Ikea Is Replacing Styrofoam Packaging With Compostable Mushroom-Foam

Ikea is known for its practical furniture and innovative design ideas, but now it is also trying to become more aware of its carbon footprint and environmental impact. The company decided to gradually shift towards an eco-friendlier packaging made from a mushroom-based, and biodegradable one instead of the classical polystyrene (Styrofoam).

The product is called Mycofoam and it is made out of agricultural waste products (corn, hemp and mushrooms spores). After collected, the waste is placed into molds to get the desired shape and lined with mushroom spores which will eventually sprout mycelium in order to create a web of that will hold the packaging together.
Once the foam has the desired consistency, it will be heated and then dried in order to achieve the desired shape and stop the mycelium from spreading.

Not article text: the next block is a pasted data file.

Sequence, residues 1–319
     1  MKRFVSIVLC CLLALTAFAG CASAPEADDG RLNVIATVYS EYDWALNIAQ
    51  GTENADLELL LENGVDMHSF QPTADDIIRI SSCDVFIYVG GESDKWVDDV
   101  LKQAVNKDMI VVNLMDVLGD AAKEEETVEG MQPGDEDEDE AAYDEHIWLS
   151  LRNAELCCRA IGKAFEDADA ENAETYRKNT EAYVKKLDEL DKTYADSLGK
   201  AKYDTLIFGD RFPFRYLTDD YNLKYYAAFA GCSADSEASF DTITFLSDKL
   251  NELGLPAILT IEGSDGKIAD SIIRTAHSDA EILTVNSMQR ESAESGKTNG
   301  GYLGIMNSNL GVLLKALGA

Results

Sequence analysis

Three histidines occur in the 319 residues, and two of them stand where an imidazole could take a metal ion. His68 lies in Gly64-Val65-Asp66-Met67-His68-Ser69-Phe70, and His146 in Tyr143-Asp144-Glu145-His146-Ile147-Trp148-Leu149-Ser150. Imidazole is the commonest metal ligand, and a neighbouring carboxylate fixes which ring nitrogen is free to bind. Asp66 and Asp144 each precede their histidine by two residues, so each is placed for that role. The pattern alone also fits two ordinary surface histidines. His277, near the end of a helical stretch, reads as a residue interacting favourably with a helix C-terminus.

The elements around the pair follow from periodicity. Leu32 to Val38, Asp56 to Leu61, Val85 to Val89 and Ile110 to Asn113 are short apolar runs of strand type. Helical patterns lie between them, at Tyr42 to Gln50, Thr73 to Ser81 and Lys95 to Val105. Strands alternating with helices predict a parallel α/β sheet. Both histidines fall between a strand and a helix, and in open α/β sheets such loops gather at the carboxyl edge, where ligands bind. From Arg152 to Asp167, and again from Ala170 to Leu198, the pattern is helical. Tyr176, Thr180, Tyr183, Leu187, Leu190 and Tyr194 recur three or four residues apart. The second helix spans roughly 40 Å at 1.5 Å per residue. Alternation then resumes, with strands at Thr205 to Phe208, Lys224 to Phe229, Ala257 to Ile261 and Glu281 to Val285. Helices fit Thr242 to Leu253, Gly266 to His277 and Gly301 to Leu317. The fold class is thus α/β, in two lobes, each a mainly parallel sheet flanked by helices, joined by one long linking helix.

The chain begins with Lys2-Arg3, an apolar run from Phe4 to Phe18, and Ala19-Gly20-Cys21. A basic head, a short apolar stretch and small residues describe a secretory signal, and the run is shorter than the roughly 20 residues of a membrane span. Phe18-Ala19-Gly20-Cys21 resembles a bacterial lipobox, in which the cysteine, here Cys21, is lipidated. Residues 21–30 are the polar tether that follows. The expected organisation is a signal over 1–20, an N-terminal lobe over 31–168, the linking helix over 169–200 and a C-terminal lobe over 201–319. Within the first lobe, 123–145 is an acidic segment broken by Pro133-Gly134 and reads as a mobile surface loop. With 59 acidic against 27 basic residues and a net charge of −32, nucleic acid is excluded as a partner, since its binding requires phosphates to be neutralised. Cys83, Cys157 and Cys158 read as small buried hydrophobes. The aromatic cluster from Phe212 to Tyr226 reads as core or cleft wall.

This biodegradable packaging is, in fact, a highly shock-resistant one, so furniture and home decor can be transported inside safely and on long distances. Once you no longer need the Mycofoam, you can easily place it in your compost pile and it will decompose in a couple of weeks, compared to Styrofoam which can take thousands of years. Since no fossil fuel is used in the manufacturing of Mycofoam, it is also much cheaper and leaves no major environmental impact.

Hopefully, with their new approach, Ikea will lead the way for more companies to switch to biodegradable packaging.

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